Last lines from The Terminator:
Sarah Connor: What did he just say?
Gas Station Attendant: He said there’s a storm coming in.
Sarah Connor: [sighs] I know.
There’s one problem with clouds: they’re usually precursors to storms. That’s not always a bad thing. If you need rain and like thunder—then rock on! However, if you’re in the business of selling water and drought is your friend, then perhaps you’re not storm-chaser material.
Why is this relevant? Well, a storm’s approaching the long-entrenched players in the data center space. How bad the storm is yet to be determined; nonetheless, it will have positive ramifications for some and quite a few negative ones for others. But let’s take a quick walk down memory lane first.
In the beginning there was the PC—and it was good, as long as it had a floppy drive, a 10Megabyte hard disk, and an insane amount of memory (like 640kb or so). Within this context, the demi-gods of yesterday (Compaq, Dell, Chameleon, Basis, Corona, and so on) battled for supremacy, leaving us with an oligarchy of OEMs (original equipment manufacturers) delivering server hardware and various bits of ‘server value’—which in turn optimized margins for said demi-gods. Such Pantheons are subject to change (hopefully for the better) every now and then—and the advent of the cloud may have provided the opportunity for such a change.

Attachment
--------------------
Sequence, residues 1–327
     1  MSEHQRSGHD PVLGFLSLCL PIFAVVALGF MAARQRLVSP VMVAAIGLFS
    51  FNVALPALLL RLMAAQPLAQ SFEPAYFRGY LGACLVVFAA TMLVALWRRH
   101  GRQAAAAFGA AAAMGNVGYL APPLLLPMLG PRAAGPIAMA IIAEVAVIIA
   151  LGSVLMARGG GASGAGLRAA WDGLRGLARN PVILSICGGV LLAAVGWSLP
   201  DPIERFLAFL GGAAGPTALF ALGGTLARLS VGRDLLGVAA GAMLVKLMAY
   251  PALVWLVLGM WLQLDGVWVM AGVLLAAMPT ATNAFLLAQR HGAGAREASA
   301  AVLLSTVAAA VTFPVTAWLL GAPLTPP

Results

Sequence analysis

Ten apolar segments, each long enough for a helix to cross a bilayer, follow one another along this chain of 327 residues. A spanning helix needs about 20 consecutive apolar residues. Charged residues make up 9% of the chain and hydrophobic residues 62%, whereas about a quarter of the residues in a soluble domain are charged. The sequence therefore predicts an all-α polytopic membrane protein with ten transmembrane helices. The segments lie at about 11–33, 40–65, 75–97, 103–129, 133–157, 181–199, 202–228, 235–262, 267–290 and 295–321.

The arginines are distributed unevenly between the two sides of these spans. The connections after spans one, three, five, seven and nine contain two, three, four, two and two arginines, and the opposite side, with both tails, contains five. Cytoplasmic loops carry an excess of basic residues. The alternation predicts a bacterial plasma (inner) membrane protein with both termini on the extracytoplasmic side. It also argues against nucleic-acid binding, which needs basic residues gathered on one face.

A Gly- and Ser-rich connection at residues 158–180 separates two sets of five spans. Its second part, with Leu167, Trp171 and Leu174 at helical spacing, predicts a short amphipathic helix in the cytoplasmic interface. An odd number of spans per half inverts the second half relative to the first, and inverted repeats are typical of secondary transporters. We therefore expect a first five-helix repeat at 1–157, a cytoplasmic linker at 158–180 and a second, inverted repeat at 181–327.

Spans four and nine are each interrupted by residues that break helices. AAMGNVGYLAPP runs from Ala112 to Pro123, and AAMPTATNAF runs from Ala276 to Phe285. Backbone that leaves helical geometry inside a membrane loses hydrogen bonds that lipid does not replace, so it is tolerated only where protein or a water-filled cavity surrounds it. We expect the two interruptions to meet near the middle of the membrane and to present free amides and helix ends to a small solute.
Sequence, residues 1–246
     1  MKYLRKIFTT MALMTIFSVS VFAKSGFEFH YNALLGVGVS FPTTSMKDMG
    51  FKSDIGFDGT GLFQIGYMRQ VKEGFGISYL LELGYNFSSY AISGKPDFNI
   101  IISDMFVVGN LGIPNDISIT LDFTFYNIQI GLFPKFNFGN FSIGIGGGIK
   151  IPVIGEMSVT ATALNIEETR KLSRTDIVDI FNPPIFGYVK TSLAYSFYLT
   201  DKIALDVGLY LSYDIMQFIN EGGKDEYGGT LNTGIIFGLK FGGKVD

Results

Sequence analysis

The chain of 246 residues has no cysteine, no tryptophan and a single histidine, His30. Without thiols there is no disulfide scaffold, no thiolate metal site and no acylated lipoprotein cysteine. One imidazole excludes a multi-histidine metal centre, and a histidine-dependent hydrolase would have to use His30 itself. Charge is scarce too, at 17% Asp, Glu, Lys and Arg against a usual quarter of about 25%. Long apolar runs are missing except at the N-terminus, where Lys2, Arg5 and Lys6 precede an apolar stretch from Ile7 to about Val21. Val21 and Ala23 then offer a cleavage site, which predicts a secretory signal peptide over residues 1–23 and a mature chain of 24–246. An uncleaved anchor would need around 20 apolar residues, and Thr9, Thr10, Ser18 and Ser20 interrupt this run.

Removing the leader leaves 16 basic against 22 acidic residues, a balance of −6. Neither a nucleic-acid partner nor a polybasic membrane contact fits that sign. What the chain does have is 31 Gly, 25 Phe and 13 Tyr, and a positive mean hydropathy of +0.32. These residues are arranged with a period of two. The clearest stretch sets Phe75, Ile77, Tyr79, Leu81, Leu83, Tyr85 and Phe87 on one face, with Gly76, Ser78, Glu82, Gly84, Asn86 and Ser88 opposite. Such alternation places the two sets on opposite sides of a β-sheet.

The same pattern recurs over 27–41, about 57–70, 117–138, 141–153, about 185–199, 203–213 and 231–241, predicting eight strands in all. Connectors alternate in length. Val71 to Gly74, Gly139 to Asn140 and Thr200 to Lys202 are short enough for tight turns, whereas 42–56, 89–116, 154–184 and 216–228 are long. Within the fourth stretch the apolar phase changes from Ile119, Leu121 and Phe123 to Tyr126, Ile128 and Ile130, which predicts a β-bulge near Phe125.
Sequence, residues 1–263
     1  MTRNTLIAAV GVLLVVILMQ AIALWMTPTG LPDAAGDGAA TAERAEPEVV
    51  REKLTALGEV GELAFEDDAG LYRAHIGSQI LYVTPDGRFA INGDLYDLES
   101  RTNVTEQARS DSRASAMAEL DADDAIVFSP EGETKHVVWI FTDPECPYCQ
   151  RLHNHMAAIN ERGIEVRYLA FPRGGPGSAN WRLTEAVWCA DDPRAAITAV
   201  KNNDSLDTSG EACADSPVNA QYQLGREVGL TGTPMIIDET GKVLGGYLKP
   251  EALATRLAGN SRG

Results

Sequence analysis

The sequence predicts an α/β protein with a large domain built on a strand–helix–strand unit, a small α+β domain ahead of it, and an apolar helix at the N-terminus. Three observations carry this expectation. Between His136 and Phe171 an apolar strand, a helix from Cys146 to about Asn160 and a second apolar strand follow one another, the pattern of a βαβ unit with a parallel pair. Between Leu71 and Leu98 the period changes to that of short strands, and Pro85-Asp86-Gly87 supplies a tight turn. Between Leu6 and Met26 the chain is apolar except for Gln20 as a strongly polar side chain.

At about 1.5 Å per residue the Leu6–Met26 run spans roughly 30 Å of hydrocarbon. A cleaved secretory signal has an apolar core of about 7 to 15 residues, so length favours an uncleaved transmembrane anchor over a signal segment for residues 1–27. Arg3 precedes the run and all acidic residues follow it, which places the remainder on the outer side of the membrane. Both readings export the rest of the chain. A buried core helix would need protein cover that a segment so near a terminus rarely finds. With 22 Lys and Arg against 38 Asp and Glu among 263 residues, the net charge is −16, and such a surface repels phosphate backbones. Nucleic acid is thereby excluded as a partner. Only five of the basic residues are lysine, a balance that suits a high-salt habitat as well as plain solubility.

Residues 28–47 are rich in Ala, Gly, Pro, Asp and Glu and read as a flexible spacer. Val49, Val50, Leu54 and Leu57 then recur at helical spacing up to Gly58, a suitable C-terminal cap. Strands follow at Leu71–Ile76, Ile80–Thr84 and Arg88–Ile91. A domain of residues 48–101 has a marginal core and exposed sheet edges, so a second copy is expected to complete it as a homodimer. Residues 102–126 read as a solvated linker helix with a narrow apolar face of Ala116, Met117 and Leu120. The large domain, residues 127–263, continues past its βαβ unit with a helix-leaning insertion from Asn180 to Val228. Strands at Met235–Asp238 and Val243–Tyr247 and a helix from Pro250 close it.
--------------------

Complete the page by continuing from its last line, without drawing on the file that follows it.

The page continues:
If you’ve ever taken an IT data center tour, usually one of the highlights (at least to a geek like me) is the dizzying array of blinking lights alongside revered names like Dell, HP and IBM, all neatly aligned in rows of whirring monoliths. But let’s ask a question: who takes tours of cloud data centers hosted by Amazon, Google and Microsoft? Answer: no one but a hallowed few.
Most data centers are built around published specs, which protect jobs and help ensure the success of a newly deployed data center. But what if the high priests of the cloud—Amazon, VMware, Microsoft, and Google—decided to publish the specs for their respective cloud data centers? What sort of equipment are they buying? (An endorsement of a particular brand would be more than enough for your average data center architect to pull the trigger on a certain deal, especially if the price is right.)
In the quest for the holy grail of cheap prices and stable margins, you could also head over to China and discover an OEM land of milk and honey—namely, spec’d server hardware ordered (literally) off a Chinese Menu of options. Cheaper, functional, scalable… and the only thing missing is a label slapped on the side at the end of the manufacturing process.
You would find out these Chinese manufacturers are more than happy to sell direct to large customers in addition to OEMs. Thus a new force emerges, setting the context and stage for where we are today: if cloud data centers have no onus to any OEM, then those long-entrenched players face a potentially deadly storm.
Heck, clouds like Google’s are comprised of special servers and don’t need a label. Amazon just needs to keep the show running, as does Microsoft’s Azure. Since no one ever sees a cloud data center, uptime and cost is key. Would it be any surprise if it turned out that entities like Microsoft are only
buying new servers from our Taiwanese friends?
If you were building (or refreshing) a cloud data center from scratch, wouldn’t you consider buying custom equipment from an overseas vendor, rather than an industry giant whose specs might not meet your needs? That’s the storm ready to hit the OEMs; whether they adjust to keep dry and happy, or dissolve in the deluge, is largely up to them.
Image: Guy J. Sagi/Shutterstock.com